Chevy Chase DC, which formally opened in 1907, was one of the city’s first streetcar suburbs, allowing federal workers to toil in the city and then retire to a quiet, green neighborhood. 

Most houses are relatively large, particularly by District standards, and just about all are fronted by well-groomed gardens and lawns of varying sizes. Home styles tend to reflect the area’s growth. The oldest houses—and some of the most sought after— were built in styles popular in the early 20th century: bungalows, four squares, and the odd Victorian. The farther east one goes from the area’s main strip, the more colonials, Tudors, and Cape Cods one can see; close to the park, the area is dotted with postwar homes. Chevy Chase is home to three parks: Rock Creek, Lafayette Square and Livingston parks. It is also home to one of the cutest markets, Broad Branch market,  an independent, community-focused market in that is a huge hub of the neighborhood, as well as the Avalon Theatre, which first opened in 1923 as a silent film house and Politics & Prose, a local bookstore that has many author events.

Bottom Line:  Chevy Chase DC is a pleasant neighborhood where Washingtonians can find some peace and community.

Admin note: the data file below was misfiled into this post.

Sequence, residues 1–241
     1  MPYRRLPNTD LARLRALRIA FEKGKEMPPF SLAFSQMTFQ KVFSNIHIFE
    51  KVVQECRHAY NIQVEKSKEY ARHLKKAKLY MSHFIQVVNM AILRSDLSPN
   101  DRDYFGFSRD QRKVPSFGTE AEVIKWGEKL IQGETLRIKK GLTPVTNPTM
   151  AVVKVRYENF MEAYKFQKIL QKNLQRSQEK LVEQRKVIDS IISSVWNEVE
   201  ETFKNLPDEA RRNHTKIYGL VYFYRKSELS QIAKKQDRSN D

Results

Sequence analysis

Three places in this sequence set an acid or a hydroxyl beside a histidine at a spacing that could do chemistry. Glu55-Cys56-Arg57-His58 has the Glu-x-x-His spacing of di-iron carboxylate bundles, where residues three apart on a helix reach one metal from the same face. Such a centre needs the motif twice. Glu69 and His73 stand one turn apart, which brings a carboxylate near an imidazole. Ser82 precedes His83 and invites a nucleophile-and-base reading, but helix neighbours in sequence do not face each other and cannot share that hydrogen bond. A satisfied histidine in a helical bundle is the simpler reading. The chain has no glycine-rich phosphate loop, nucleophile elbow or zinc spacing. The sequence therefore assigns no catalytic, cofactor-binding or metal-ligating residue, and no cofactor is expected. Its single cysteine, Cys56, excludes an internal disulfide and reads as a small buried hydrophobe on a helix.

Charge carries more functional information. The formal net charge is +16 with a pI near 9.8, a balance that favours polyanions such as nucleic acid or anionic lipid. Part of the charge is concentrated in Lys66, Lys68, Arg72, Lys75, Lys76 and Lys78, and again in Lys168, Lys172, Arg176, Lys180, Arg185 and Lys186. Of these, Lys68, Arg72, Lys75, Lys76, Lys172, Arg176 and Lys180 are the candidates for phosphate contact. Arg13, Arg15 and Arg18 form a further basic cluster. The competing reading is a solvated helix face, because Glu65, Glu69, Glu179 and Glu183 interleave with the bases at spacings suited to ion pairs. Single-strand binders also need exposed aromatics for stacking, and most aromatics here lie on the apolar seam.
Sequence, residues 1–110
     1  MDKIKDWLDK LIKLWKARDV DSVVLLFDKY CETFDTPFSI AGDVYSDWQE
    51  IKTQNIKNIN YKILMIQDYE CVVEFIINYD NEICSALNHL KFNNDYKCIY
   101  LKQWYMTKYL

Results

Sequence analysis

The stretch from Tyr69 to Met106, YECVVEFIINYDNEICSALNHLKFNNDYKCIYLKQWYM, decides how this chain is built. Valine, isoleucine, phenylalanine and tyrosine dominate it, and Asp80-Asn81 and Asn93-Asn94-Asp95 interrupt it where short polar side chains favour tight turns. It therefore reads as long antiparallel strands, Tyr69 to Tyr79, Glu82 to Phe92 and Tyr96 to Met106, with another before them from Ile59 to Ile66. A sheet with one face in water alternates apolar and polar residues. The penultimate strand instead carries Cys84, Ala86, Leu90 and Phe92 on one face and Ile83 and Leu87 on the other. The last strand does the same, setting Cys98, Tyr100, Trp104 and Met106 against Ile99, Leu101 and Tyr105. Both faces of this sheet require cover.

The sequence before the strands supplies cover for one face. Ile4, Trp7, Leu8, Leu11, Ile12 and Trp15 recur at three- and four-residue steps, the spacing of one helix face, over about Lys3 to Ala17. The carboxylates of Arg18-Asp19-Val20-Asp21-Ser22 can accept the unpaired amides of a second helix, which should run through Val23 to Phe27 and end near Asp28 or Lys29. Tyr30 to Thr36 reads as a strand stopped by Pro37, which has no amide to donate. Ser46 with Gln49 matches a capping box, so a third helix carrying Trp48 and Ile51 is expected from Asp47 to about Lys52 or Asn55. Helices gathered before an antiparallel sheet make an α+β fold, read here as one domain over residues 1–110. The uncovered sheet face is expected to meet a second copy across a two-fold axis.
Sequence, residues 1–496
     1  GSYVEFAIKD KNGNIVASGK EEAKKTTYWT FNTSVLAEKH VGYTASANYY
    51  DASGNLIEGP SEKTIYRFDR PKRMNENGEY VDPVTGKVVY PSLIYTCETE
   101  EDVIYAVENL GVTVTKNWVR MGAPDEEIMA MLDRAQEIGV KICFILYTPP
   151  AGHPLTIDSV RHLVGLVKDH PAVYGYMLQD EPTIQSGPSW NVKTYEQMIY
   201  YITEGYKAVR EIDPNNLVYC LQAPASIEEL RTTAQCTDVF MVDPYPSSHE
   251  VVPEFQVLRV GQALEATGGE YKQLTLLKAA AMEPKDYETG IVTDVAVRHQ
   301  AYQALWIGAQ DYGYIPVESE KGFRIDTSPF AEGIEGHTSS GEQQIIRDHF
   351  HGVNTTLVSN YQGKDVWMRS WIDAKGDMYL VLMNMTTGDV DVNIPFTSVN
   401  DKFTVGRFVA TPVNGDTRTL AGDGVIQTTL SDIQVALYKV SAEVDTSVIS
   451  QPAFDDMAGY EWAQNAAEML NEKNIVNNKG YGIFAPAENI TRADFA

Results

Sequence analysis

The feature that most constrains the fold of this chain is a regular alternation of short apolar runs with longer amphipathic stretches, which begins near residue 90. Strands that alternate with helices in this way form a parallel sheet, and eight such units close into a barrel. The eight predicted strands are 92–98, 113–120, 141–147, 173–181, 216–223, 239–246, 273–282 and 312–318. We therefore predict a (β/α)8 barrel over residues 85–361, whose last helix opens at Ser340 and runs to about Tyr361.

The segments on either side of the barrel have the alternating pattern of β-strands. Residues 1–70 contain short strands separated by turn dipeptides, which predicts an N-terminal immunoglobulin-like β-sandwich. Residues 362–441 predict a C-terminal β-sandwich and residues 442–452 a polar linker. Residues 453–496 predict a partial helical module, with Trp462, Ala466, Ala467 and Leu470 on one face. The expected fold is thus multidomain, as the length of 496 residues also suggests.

Prices for single family homes range from $900,000 up to 3 Million.

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Capitol Hill

Capitol Hill is a neighborhood in Washington, D.C., District of Columbia with a population of 10,256. The neighborhood began over two hundred years ago at the same time as Washington DC, and was the first place to house members of Congress and their families. Capitol Hill is the largest neighborhood in the nation’s capital. Block after block of Capitol Hill homes exhibit excellent representations of turn-of-the-century row houses mixed with detached homes. Home to the iconic congressional building, Capitol Hill in Washington, D.C., is an area with an irrepressible spirit of community. Residents in this historic district enjoy numerous street fairs, eclectic flavors and bargain hunting at the local second-hand shops. With everything right in the neighborhood, locals rarely feel the need to head out of their stomping grounds.

One of the biggest benefits to living in Capitol Hill is easy access to the famous Eastern Market. Home to a butcher, fishmonger, florist, grocer, and baker, it is a great place to take care of the weekly grocery trip. 

There is plenty of transportation in Capitol Hill and Union Station, Amtrak’s headquarters, is just a few blocks away. 

Bottom Line: The Hill has managed to keep its small village feel despite Washington’s ups and downs over the years. It is a  tight-knit community with a strong sense of history and identity.

Prices for single family homes range from $600,000 up to $2,300,000